Mandelbrot Fractal Set visualization in Python

Fractal:
A fractal is a curve or geometrical figure, each part of which has the same statistical character as the whole. They are useful in modeling structures (such as snowflakes) in which similar patterns recur at progressively smaller scales, and in describing partly random or chaotic phenomena such as crystal growth and galaxy formation.

In simpler words, a fractal is a never-ending pattern. Fractals are infinitely complex patterns that are self-similar across different scales. They are created by repeating a simple process over and over in an ongoing feedback loop. Driven by recursion, fractals are images of dynamic systems – the pictures of Chaos.
Geometrically, they exist in between our familiar dimensions. Fractal patterns are extremely familiar since nature is full of fractals. For instance: trees, rivers, coastlines, mountains, clouds, seashells, hurricanes, etc. Abstract fractals – such as the Mandelbrot Set – can be generated by a computer calculating a simple equation over and over.

Mandelbrot set:
The Mandelbrot set is the set of complex numbers c for which the function  f_c(z) = z^2 + c does not diverge when iterated from z=0, i.e., for which the sequence  f_c(0), f_c(f_c(0)), etc., remains bounded in absolute value. In simple words, Mandelbrot set is a particular set of complex numbers which has a highly convoluted fractal boundary when plotted.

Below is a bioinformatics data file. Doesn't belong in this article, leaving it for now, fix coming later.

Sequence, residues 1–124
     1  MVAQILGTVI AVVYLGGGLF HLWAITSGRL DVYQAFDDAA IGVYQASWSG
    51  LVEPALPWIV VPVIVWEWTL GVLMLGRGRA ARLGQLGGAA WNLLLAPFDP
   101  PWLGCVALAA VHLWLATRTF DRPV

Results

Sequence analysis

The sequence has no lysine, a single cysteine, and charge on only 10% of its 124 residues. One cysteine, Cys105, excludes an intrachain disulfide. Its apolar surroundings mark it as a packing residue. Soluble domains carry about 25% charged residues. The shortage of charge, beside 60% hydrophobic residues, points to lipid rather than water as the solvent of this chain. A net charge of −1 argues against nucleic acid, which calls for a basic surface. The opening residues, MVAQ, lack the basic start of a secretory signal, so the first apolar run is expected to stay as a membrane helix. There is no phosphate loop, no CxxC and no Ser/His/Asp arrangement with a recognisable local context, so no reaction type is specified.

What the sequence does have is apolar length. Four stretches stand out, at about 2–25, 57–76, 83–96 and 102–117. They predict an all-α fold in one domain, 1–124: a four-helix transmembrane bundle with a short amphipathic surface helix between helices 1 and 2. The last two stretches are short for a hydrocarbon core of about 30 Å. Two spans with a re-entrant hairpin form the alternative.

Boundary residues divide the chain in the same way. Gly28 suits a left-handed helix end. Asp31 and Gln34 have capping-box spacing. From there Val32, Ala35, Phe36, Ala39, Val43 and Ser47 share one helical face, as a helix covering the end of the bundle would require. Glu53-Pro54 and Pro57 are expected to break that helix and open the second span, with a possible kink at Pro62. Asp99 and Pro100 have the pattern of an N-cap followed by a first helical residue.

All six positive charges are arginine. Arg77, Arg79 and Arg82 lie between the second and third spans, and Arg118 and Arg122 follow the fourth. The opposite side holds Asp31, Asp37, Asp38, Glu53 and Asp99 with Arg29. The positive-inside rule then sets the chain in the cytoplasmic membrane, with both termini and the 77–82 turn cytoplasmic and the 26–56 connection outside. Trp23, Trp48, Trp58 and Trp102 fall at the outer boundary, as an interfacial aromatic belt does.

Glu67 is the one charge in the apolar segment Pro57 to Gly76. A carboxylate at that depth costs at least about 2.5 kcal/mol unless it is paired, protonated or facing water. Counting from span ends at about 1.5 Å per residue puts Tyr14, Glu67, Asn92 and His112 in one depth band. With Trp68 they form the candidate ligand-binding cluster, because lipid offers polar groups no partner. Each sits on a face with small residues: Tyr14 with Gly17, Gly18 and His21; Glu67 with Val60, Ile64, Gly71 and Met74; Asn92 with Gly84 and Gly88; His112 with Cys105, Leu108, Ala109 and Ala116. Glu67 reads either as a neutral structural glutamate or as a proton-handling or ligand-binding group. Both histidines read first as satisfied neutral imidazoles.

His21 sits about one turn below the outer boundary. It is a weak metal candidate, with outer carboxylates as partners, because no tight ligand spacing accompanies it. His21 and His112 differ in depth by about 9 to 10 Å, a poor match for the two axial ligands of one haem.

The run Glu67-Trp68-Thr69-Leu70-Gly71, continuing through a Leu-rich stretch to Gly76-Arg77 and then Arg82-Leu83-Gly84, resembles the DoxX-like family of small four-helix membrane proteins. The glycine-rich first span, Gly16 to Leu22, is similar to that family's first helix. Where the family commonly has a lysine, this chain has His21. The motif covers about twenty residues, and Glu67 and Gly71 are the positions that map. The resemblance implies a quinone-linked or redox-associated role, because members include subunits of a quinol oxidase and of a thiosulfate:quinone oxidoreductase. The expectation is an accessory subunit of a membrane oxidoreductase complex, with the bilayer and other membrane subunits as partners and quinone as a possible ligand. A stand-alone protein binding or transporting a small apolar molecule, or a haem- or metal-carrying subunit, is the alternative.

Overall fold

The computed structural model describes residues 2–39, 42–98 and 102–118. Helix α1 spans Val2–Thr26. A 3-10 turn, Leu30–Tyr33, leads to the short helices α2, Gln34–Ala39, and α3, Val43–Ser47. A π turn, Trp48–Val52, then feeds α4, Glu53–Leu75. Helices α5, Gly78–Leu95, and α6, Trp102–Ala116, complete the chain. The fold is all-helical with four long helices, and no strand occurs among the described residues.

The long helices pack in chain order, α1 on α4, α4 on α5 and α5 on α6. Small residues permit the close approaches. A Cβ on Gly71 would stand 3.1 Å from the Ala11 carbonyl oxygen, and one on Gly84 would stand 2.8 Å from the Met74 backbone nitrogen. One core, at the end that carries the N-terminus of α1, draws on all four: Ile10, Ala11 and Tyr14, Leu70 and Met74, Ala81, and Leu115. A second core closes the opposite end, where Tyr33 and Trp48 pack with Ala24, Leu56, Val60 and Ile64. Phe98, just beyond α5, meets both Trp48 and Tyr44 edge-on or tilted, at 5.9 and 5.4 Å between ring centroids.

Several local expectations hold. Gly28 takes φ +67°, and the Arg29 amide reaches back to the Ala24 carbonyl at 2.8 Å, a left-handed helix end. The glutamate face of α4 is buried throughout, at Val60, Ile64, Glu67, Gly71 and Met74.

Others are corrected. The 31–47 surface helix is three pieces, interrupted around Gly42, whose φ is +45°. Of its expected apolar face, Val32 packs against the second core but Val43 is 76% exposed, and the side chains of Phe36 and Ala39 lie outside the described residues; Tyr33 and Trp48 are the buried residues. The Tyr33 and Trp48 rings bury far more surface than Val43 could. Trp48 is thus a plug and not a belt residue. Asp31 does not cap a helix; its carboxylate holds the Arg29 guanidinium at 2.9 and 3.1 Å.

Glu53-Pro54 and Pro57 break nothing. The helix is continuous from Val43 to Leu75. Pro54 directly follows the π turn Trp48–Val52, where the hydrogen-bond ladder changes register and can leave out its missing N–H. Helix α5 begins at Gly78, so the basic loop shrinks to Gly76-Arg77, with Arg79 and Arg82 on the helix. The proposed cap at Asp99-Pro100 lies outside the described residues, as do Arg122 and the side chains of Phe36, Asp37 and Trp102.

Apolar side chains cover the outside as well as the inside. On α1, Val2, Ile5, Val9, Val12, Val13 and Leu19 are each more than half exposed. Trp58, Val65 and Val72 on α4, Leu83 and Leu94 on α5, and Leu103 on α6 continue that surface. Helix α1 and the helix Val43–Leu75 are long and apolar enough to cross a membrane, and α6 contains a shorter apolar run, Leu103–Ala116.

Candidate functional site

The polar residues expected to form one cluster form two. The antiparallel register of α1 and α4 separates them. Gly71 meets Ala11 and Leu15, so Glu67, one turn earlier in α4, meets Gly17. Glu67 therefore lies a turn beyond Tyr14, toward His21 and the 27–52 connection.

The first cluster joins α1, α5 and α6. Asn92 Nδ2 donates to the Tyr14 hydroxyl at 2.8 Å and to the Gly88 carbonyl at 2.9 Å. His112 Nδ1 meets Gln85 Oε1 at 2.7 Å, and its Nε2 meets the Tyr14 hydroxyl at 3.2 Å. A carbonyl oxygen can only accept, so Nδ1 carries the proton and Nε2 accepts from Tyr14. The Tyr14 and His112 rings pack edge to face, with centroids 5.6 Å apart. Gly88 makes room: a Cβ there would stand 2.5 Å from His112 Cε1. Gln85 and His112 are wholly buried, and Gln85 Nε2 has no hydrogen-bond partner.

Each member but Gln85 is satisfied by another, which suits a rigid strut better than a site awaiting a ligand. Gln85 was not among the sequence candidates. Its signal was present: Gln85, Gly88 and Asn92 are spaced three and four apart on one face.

Installation of needed Python modules:

pip install pillow
pip install numpy

Code #1:

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# Python code for Mandelbrot Fractal
  
# Import necessary libraries
from PIL import Image
from numpy import complex, array
import colorsys
  
# setting the width of the output image as 1024
WIDTH = 1024
  
# a function to return a tuple of colors
# as integer value of rgb
def rgb_conv(i):
    color = 255 * array(colorsys.hsv_to_rgb(i / 255.0, 1.0, 0.5))
    return tuple(color.astype(int))
  
# function defining a mandelbrot
def mandelbrot(x, y):
    c0 = complex(x, y)
    c = 0
    for i in range(1, 1000):
        if abs(c) > 2:
            return rgb_conv(i)
        c = c * c + c0
    return (0, 0, 0)
  
# creating the new image in RGB mode
img = Image.new('RGB', (WIDTH, int(WIDTH / 2)))
pixels = img.load()
  
for x in range(img.size[0]):
  
    # displaying the progress as percentage
    print("%.2f %%" % (x / WIDTH * 100.0)) 
    for y in range(img.size[1]):
        pixels[x, y] = mandelbrot((x - (0.75 * WIDTH)) / (WIDTH / 4),
                                      (y - (WIDTH / 4)) / (WIDTH / 4))
  
# to display the created fractal after 
# completing the given number of iterations
img.show()

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Output:

Code #2:

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# Mandelbrot fractal
# FB - 201003254
from PIL import Image
  
# drawing area
xa = -2.0
xb = 1.0
ya = -1.5
yb = 1.5
  
# max iterations allowed
maxIt = 255 
  
# image size
imgx = 512
imgy = 512
image = Image.new("RGB", (imgx, imgy))
  
for y in range(imgy):
    zy = y * (yb - ya) / (imgy - 1+ ya
    for x in range(imgx):
        zx = x * (xb - xa) / (imgx - 1+ xa
        z = zx + zy * 1j
        c = z
        for i in range(maxIt):
            if abs(z) > 2.0: break
            z = z * z + c
        image.putpixel((x, y), (i % 4 * 64, i % 8 * 32, i % 16 * 16))
  
image.show()

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Output:



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